Preliminary Results Show Cannabidiol Reduces Seizures in Epilepsy

Preliminary results from an open-label study on the use of cannabidiol for the treatment of severe, treatment-resistant epilepsy indicate that the marijuana-derived liquid may reduce seizure frequency.

The results, reported ahead of a formal presentation at the upcoming American Academy of Neurology Annual Meeting in Washington, D.C., are a promising step forward for the use of medical marijuana in the treatment of epilepsy.

The study included 213 participants, median age 11, with forms of severe epilepsy, including Dravet syndrom Lennox-Gastaut syndrome. Overall, 137 people completed the 12-week study, with a 54% average decrease in seizures. Those with Dravet syndrome (23) saw convulsive seizures reduced by 53%, and those with Lennox-Gastaut (11) saw a 55% reduction in atonic seizures.

Twelve participants had to stop taking the liquid drug — a component of marijuana that does not include psychoactive compounds — due to side effects. Other side effects that affected more than 10% of participants included drowsiness (21%), diarrhea (17%), tiredness (17%), and decreased appetite (16%).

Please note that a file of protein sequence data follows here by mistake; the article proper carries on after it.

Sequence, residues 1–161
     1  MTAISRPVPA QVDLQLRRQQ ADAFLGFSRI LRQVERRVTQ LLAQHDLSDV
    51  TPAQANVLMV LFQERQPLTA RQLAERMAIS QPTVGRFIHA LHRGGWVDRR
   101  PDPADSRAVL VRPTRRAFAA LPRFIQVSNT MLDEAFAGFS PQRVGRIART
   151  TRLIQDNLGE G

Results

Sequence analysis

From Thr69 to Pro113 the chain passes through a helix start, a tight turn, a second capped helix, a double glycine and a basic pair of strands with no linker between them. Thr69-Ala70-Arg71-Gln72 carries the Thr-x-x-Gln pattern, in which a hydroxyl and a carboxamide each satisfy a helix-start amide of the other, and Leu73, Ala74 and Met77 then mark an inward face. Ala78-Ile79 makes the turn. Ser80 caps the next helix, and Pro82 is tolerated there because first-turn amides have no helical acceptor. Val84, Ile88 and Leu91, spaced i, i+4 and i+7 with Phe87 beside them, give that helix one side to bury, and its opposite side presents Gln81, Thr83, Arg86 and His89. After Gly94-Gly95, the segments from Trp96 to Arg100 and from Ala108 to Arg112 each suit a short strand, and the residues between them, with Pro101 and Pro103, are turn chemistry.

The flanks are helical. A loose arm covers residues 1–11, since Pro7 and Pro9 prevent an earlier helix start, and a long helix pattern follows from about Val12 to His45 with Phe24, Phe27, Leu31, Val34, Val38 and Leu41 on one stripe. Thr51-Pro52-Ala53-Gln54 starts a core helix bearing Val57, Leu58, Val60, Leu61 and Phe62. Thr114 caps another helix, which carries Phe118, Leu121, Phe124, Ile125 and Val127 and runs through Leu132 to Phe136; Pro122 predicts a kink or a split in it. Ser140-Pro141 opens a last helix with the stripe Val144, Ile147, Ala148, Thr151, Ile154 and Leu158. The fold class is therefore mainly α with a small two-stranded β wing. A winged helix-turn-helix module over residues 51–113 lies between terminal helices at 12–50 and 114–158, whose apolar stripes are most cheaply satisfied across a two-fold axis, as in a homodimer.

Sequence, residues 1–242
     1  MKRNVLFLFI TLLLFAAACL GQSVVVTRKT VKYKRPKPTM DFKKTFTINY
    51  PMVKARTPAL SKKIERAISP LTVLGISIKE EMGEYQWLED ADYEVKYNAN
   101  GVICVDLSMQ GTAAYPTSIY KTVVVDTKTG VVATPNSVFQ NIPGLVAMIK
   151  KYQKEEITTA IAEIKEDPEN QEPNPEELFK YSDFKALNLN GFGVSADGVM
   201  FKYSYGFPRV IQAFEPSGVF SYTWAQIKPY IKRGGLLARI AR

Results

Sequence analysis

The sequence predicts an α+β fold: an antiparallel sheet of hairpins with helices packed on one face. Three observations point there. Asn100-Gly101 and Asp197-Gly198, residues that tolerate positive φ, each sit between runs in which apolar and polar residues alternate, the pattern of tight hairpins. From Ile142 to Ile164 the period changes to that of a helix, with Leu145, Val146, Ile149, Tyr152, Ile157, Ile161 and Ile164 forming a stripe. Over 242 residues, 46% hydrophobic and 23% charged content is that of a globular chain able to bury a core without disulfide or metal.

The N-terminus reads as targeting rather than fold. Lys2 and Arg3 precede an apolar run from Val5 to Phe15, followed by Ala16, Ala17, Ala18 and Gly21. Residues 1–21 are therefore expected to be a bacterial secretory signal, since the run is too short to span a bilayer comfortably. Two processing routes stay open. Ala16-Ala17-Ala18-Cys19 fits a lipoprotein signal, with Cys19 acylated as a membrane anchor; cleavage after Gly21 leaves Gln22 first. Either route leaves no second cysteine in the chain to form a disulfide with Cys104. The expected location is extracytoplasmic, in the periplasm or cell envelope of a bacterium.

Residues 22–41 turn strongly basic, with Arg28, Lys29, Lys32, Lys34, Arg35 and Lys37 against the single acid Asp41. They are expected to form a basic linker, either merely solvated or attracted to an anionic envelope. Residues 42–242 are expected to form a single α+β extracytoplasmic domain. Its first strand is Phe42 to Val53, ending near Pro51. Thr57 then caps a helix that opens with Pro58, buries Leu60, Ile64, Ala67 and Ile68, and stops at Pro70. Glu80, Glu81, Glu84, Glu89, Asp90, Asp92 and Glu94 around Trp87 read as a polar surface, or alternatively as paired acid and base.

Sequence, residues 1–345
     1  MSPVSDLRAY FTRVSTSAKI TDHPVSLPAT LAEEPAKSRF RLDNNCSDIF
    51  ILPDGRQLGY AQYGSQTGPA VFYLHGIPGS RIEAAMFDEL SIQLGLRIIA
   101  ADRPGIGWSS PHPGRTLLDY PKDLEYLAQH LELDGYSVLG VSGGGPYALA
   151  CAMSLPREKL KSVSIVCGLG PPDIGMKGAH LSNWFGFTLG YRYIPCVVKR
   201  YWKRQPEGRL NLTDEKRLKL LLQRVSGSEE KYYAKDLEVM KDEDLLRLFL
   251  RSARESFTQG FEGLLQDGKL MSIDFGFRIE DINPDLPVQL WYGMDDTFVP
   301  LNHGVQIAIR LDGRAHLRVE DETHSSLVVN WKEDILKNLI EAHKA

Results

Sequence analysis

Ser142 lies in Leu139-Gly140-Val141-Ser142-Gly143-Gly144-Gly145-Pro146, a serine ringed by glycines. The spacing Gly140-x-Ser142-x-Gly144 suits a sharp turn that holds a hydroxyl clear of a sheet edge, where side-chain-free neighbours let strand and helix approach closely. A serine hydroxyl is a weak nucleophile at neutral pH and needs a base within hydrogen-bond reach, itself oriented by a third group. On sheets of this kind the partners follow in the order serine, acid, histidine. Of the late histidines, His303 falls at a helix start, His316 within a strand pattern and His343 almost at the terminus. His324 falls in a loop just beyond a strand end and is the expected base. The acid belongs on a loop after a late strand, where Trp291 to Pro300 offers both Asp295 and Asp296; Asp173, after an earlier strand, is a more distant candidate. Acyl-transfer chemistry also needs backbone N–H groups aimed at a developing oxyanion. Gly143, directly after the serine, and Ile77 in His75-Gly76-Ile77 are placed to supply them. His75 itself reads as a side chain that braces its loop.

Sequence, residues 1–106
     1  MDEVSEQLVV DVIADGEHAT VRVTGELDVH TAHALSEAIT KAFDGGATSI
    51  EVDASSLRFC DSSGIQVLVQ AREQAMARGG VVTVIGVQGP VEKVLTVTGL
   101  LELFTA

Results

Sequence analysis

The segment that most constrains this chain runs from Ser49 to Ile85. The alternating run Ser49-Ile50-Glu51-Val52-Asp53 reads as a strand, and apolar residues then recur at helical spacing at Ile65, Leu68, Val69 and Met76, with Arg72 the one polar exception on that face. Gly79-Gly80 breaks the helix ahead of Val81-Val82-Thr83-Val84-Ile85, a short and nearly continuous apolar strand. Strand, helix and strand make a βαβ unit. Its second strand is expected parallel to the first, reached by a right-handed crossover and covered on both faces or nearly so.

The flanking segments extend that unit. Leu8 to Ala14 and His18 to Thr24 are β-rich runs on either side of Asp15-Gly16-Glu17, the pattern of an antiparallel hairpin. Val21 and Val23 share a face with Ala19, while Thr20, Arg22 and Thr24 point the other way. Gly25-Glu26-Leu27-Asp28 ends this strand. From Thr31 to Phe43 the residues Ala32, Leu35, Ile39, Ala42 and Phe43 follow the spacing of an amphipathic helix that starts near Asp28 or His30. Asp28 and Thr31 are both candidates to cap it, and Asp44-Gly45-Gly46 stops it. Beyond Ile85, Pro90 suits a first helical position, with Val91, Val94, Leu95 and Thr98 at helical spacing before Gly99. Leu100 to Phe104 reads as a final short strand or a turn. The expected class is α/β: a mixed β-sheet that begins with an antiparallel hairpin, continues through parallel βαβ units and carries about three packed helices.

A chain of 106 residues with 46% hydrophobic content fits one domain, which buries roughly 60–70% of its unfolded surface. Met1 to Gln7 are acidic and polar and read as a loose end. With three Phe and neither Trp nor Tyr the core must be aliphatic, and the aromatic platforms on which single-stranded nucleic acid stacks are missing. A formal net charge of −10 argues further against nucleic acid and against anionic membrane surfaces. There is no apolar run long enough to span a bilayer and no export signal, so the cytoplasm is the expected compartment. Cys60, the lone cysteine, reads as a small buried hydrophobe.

“So far there have been few formal studies on this marijuana extract,” study author Orrin Devinsky, MD, head of the NYU Langone Comprehensive Epilepsy Center, said. “These results are of great interest, especially for the children and their parents who have been searching for an answer for these debilitating seizures.”

While the study indicates that cannabidiol is generally well tolerated, larger, placebo-controlled, double-blind trails are needed to measure efficacy.

The call for further research was echoed by the American Epilepsy Society, who said in a statement: 

“At present, the epilepsy community does not know if marijuana is a safe and effective treatment nor do we know the long-term effects that marijuana will have on learning, memory and behavior, especially in infants and young children. Studies like the one presented at the AAN meeting help increase our understanding but much more is needed.”

The organization, which expressed its support of Devinsky’s study, also clarified that the cannabidiol used in the study is different from artisanal compounds being utilized by families and patients in states where marijuana, both recreational and medicinal, is legalized. “In most cases, the families and children who have been using CBD oils outside of this study, have been receiving highly variable artisanal preparations with unverified levels of cannabis oil. This has resulted in many different outcomes from those presented in Dr. Devinsky’s study.”


  1. Devinsky O, et al. Epidiolex (Cannabidiol) in Treatment Resistant Epilepsy. Presented at: American Academy of Neurology Annual Meeting; April 18-25, 2015: Washington, D.C.
  2. AAN Press Release